A hotter summer will result in increased deaths from heat stroke. There will be more fires, leading to higher near-surface ozone levels. Droughts will increase and fresh water will be scarcer during the hotter summer months. Mountains will lose glaciers in Asia and parts of North America. More people will suffer from malnutrition as fresh water becomes scarce. Hundreds of thousands of species will become extinct. In addition, a warming planet will exacerbate the effects of climate change and other environmental threats.
The science behind climate change and the impact of global warming is complex, but it is not impossible to see the effects of climate change. Scientists have estimated that global temperatures will rise by about 10degF by the end of the century. Even worse, some parts of the world are likely to experience higher temperature increases. In this article, we will look at the most likely outcomes of global warming, as well as how we can protect ourselves.
A large portion of the problem is caused by the burning of fossil fuels, which emits greenhouse gases such as carbon dioxide. These gases trap the sun’s heat and cause global warming. The warmer temperatures are harmful for all life on Earth, causing changes in weather patterns and disrupting the natural balance. Whether these changes will result in sea level rises or droughts remains unclear, but scientists are convinced that humans are responsible for some degree.
There is no doubt that human activity is a major factor in the increasing temperature of the Earth. Through greenhouse gas emissions, human activity increases the planet’s temperature. While the impact of human activity on the global climate is disputed, volumes of scientific research indicate that our activities are warming the planet’s temperature. The IPCC Fourth Assessment Report (2013) states that “Human activity has a clear impact on climate, as measured by rising concentrations of greenhouse gases in the atmosphere, positive radiative forcing, observed warming, and the scientific understanding of climate change.”
Since the Industrial Revolution, human activities have contributed to an increase in greenhouse gases such as company carbon offsets, which has the effect of causing a warmer planet. This effect is further amplified by human activities, as these gases trap infrared heat, which increases the Earth’s temperature. Research into the greenhouse effect shows that it was discovered by Eunice Foote in 1856. However, concerns about the global warming impact of human activity have been increasing in recent years.
A recent AQA resource investigates the economic, social, and environmental impacts of global warming. It includes UK examples and images used as stimulus for pupil led learning. An activity includes card sorting and categorising a number of UK examples. A further AQA resource explores the impacts of global warming on the Arctic, the Pacific, Southeast Asia, and the Indian
Ocean. This includes information on climate change and its effects on the Pacific Ocean, and
the Arctic thaw.
Other greenhouse gases contribute to global warming and are produced from a variety of sources. For example, carbon dioxide emissions are produced by the combustion of fossil fuels, irrigation, deforestation, and manufacturing cement. Methane emissions are produced by livestock, the decay of waste in landfills, and motor vehicles, both road and non-road. Industrial GHG emissions are also generated by processes such as stone, clay, glass, and cement production.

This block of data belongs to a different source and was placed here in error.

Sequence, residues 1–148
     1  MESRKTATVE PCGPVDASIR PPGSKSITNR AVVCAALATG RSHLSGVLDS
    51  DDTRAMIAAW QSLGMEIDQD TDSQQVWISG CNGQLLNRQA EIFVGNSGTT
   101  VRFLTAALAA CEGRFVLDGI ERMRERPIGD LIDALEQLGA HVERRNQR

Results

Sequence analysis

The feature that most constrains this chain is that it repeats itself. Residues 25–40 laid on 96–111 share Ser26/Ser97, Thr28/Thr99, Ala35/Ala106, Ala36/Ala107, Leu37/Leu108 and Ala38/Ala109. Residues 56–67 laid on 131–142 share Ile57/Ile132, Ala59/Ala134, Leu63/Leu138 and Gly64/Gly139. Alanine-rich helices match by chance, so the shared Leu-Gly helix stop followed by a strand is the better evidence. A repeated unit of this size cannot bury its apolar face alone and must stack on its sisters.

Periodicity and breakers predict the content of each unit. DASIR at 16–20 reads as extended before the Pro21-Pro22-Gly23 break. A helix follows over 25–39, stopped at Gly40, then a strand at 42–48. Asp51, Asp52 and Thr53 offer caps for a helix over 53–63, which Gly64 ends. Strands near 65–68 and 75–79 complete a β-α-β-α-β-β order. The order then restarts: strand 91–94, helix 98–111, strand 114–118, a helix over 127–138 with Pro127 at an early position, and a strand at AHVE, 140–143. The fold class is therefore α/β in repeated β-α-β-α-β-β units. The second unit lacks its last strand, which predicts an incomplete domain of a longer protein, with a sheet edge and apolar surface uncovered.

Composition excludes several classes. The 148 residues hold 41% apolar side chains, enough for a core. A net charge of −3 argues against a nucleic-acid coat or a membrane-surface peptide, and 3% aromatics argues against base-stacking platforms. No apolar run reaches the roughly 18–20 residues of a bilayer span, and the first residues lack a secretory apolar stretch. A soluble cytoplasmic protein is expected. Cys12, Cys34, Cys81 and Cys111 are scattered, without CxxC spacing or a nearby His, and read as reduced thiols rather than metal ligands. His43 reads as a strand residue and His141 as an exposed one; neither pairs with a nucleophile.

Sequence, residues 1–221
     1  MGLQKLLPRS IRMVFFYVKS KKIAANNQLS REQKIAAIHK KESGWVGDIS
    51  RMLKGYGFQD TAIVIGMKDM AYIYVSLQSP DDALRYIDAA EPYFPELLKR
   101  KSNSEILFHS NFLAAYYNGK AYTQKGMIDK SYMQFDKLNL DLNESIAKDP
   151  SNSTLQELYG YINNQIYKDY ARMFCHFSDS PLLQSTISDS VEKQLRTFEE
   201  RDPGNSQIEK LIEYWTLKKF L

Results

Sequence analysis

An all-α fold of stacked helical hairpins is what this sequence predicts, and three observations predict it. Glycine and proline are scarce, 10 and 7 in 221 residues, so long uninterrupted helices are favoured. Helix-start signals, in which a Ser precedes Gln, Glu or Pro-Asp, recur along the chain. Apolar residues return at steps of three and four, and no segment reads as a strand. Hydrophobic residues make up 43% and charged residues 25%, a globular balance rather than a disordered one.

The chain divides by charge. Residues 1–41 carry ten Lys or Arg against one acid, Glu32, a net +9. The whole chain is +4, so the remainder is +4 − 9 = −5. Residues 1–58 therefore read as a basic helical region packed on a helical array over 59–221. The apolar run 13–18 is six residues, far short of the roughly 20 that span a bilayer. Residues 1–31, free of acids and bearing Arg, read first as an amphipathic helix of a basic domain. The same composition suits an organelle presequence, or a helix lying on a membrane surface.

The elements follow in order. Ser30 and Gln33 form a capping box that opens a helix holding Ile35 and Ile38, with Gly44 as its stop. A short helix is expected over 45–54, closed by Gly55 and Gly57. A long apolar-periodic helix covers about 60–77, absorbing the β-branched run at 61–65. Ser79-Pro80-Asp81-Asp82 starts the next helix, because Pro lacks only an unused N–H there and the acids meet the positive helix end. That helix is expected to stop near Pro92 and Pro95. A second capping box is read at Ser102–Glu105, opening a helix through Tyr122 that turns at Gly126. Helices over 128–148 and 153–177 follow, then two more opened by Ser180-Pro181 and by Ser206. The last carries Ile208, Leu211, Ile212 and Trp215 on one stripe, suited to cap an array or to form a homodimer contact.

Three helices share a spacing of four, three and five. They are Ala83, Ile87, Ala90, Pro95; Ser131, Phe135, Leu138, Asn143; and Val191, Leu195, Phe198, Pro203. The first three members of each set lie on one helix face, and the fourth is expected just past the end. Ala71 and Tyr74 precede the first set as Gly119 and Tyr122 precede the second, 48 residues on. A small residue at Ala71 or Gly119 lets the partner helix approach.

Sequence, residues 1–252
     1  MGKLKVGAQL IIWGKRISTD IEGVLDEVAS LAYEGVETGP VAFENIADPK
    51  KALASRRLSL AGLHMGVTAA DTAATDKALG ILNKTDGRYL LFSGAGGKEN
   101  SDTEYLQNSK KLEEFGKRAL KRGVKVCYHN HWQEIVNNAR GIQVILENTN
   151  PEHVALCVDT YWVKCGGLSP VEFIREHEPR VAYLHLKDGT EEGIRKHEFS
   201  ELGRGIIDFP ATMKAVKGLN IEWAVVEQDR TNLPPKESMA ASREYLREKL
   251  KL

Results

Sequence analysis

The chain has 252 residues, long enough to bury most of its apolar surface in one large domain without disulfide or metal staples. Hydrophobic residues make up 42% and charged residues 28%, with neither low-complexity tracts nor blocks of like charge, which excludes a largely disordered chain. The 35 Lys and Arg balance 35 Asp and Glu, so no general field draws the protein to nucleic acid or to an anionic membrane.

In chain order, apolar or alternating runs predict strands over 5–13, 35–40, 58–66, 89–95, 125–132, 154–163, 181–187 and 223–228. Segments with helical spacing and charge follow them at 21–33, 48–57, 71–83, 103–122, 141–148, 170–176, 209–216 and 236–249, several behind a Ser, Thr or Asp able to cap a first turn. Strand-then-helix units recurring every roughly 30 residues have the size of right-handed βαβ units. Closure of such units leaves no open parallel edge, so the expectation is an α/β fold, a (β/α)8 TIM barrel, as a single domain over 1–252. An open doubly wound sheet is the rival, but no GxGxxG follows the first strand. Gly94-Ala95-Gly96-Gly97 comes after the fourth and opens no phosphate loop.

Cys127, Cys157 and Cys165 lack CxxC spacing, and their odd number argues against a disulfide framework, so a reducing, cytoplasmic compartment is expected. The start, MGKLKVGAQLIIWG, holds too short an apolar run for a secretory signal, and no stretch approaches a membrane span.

Policy options to reduce greenhouse gas emissions
State governments have a number of options for reducing emissions of greenhouse gases, mainly carbon dioxide, from the power sector. While some of these measures explicitly address climate change, others aim to reduce costs for consumers by encouraging energy efficiency. Renewable portfolio standards and carbon tax are two popular approaches, and all 29 states currently have them. Smart meters, smart cities, and building codes are other options to reduce emissions. The combination of these measures is needed to control global warming.
Some mitigation technologies are more expensive than carbon. For example, offshore wind and solar thermal are not as costly as carbon, but can be compared in terms of cost to carbon. But there are also less expensive mitigation technologies, including advanced nuclear and solar thermal. The IMF estimates that a tax of $75 a ton of carbon dioxide in 2019 would allow the world to meet its Paris Agreement target of 2 degrees Celsius.
Human health impacts
While the human health impacts of global warming can be attributed to various factors, the most obvious is climate change. While people will face a variety of risks from climate change, each one will be more severe depending on individual sensitivity and the capacity of health systems in that region. Many risks are directly related to the environment, including increased air pollution and waterborne and vector-borne diseases. Moreover, extreme weather events will increase the risk of certain diseases, including malaria, dengue fever, and dengue fever.
While people living in developing nations will be most at risk from climate change, it is important to note that wealthy countries are also facing significant risks. For example, warmer average temperatures will lead to longer and hotter days. In the United States, this will result in increased heat-related deaths. By the end of the century, this number could rise to tens of thousands of extra deaths every year. This will likely be exacerbated by other factors, including changes in weather patterns and diet.